Page 21 of 104 .Filter = "IronCAD Catalogs (*. therefor at the end of code execution on line number 3.DefaultExt = ". only the MakeActive method was used here but the majority of them are self explanatory except for the Entries property which returns a CatalogEntries object in the IronCAD® Type Library.IronCAD® Customization: IronCAD® Automation Data Model End Sub The code is relatively simple.ShowOpen(szName)) Then 'Open the catalog with the specified filename and set it to 'be the active catalog : Set objCatalog = objCatalogs. The rest of the code is there to obtain the name of the catalog to open from the user.MakeActive End If 'Release the open dialog : Set frmOpen = Nothing End Sub As far as IronCAD® automation is concerned.icc" frmOpen. On line 16 the catalog that was added is set to be the active catalog.Add(szName) objCatalog.vbp’ opens an existing catalog: Public Sub AddExistingCatalog(Application As Object) 1 2 3 4 5 6 7 8 9 10 11 12 13 14 15 16 17 18 19 Dim Dim Dim Dim szName As String frmOpen As frmFile objCatalog As Object objCatalogs As Object 'Get the enumeration of catalogs : Set objCatalogs = Application. On the first line a new variable called ‘objCatalogs’ is declared that will be set on line 3 to the enumeration of catalogs in IronCAD ®. ‘objCatalogs’ is the Catalogs object in the IronCAD® Type Library.icc)|*. except on line 15 a filename is passed to the Add method on the Catalogs object and the catalog that was added is returned as a Catalog object. On line 2 the variable ‘frmOpen’ is declared as a ‘frmFile’ object which is in the project as well. The previous code example simply adds a new catalog to the catalogs in IronCAD ®. the code in this example is identical to the first set of example code. and if a file name was specified continue : If (frmOpen.icc" 'Display the open dialog. however the code sample below from the ‘AppCatalogs’ class in ‘Basics1. There are a total of 9 properties and methods on the Catalog object. however it is just a simple dialog that is used to get the filename from the user so it won’t be discussed.Catalogs 'Set up the open dialog : Set frmOpen = New frmFile frmOpen.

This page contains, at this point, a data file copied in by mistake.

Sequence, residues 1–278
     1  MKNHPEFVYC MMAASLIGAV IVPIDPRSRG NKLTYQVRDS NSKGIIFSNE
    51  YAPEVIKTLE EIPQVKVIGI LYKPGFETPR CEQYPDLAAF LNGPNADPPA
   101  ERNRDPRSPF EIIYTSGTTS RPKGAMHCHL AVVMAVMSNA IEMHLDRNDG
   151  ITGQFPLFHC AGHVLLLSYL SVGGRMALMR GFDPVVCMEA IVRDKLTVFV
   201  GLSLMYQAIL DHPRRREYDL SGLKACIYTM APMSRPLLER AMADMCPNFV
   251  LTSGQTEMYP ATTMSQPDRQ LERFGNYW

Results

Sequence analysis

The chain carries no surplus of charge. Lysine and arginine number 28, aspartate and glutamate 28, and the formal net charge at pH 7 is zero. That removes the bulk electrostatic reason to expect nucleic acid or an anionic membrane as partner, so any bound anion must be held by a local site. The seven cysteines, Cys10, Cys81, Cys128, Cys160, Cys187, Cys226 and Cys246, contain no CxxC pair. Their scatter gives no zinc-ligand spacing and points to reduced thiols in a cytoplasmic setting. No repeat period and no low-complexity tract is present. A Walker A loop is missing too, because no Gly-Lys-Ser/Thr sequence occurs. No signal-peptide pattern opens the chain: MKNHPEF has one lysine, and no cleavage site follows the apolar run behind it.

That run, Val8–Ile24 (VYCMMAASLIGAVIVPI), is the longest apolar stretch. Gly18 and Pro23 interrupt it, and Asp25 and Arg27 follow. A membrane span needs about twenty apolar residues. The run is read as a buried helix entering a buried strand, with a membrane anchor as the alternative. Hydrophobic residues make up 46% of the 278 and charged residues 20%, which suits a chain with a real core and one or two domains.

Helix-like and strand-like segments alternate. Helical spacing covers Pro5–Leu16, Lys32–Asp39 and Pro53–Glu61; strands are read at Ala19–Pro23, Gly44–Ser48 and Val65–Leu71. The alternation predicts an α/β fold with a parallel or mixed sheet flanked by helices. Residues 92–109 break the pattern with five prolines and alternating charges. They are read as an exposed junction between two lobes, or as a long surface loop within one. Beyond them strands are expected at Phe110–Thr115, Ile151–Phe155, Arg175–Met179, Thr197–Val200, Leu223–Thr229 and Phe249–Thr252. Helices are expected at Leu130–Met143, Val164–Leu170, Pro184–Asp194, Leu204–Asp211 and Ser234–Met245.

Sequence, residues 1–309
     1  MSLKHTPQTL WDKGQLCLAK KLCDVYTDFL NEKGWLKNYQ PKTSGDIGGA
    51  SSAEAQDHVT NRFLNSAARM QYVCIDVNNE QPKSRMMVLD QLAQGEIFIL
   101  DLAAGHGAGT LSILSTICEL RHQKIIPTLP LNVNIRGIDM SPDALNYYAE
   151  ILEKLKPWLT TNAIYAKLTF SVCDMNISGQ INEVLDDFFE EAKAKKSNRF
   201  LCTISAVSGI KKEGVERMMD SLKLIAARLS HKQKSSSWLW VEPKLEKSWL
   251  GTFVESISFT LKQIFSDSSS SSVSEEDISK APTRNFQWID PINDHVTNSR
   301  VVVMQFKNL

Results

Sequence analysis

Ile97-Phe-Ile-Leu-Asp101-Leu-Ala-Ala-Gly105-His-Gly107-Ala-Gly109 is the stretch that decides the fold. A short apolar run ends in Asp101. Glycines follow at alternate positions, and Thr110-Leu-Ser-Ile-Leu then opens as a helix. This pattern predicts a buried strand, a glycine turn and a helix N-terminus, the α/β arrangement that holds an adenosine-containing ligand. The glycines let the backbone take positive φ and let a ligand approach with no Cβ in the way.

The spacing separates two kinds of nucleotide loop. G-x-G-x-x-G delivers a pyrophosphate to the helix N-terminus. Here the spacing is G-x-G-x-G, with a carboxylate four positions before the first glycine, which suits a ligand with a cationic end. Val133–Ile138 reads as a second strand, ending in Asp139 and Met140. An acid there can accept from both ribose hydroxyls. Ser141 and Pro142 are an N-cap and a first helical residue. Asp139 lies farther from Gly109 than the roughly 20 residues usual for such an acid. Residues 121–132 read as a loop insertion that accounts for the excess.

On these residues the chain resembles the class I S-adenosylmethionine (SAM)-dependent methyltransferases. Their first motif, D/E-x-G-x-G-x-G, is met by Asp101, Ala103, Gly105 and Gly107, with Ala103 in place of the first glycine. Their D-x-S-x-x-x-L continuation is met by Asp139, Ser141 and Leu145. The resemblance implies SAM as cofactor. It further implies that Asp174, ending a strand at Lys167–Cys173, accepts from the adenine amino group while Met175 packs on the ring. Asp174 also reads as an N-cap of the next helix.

the Catalogs and Catalog objects. The diagram on the left shows some catalog entries and points to the label and icon of one of the entries so that it is easy to picture what the Label property and LoadIcon method specify on a CatalogEntry object. objSurfaceFinish As Object 'Create a new surface finish object and set the color to be bright blue : Set objSurfaceFinish = Application. i. Catalog entries are not limited to shapes though. An example of this is used in the next part when shapes and their components are discussed. a shape is added to the catalog by using the Add method on a CatalogEntries object and passing in a Shape object of the shape that needs to be added to the catalog. When SurfaceFinish objects are dragged from the catalog onto a shape or the background of the scene all of the properties of the SurfaceFinish object are copied to the shape or background that it was dropped onto.IronCAD® Customization: IronCAD® Automation Data Model The CatalogEntries object is very similar to the Catalogs object in the sense that it is an enumeration of the entries in the catalog. objCatalogEntry As Object.e. Although shapes in IronCAD® have not been discussed yet. To add a surface finish to a catalog. A CatalogEntry object is returned when calling the Add method.CreateSurfaceFinish Page 22 of 104 . Objects that are an enumeration of other objects are very easy to identify because they will almost always have the 3 methods : Add. which is the entry that was made in the catalog for the shape that was added. or the CatalogEntries and CatalogEntry object.vbp’: Public Sub AddSurfaceFinish(Application As Object) 1 2 3 Dim objCatalog As Object. Item and Remove. SurfaceFinish objects are objects that hold all the properties of a surface finish. The enumeration objects are also most often the plural of the objects that they are an enumeration of. SurfaceFinish objects can be placed into catalogs as well. CatalogEntry objects have a property called Object which returns the shape that is in the catalog for the specified CatalogEntry object. there are 3 easy steps : • Create a new SurfaceFinish object using the CreateSurfaceFinish method on the Application Object • Get the Catalog object for the desired catalog to add the finish to • Add the SurfaceFinish object to the catalog using the Add method on the CatalogEntries object for the desired catalog An example of doing such is below from the ‘AppCatalogs’ class in ‘Basics1. along with the property Count which is the number of objects in the enumeration.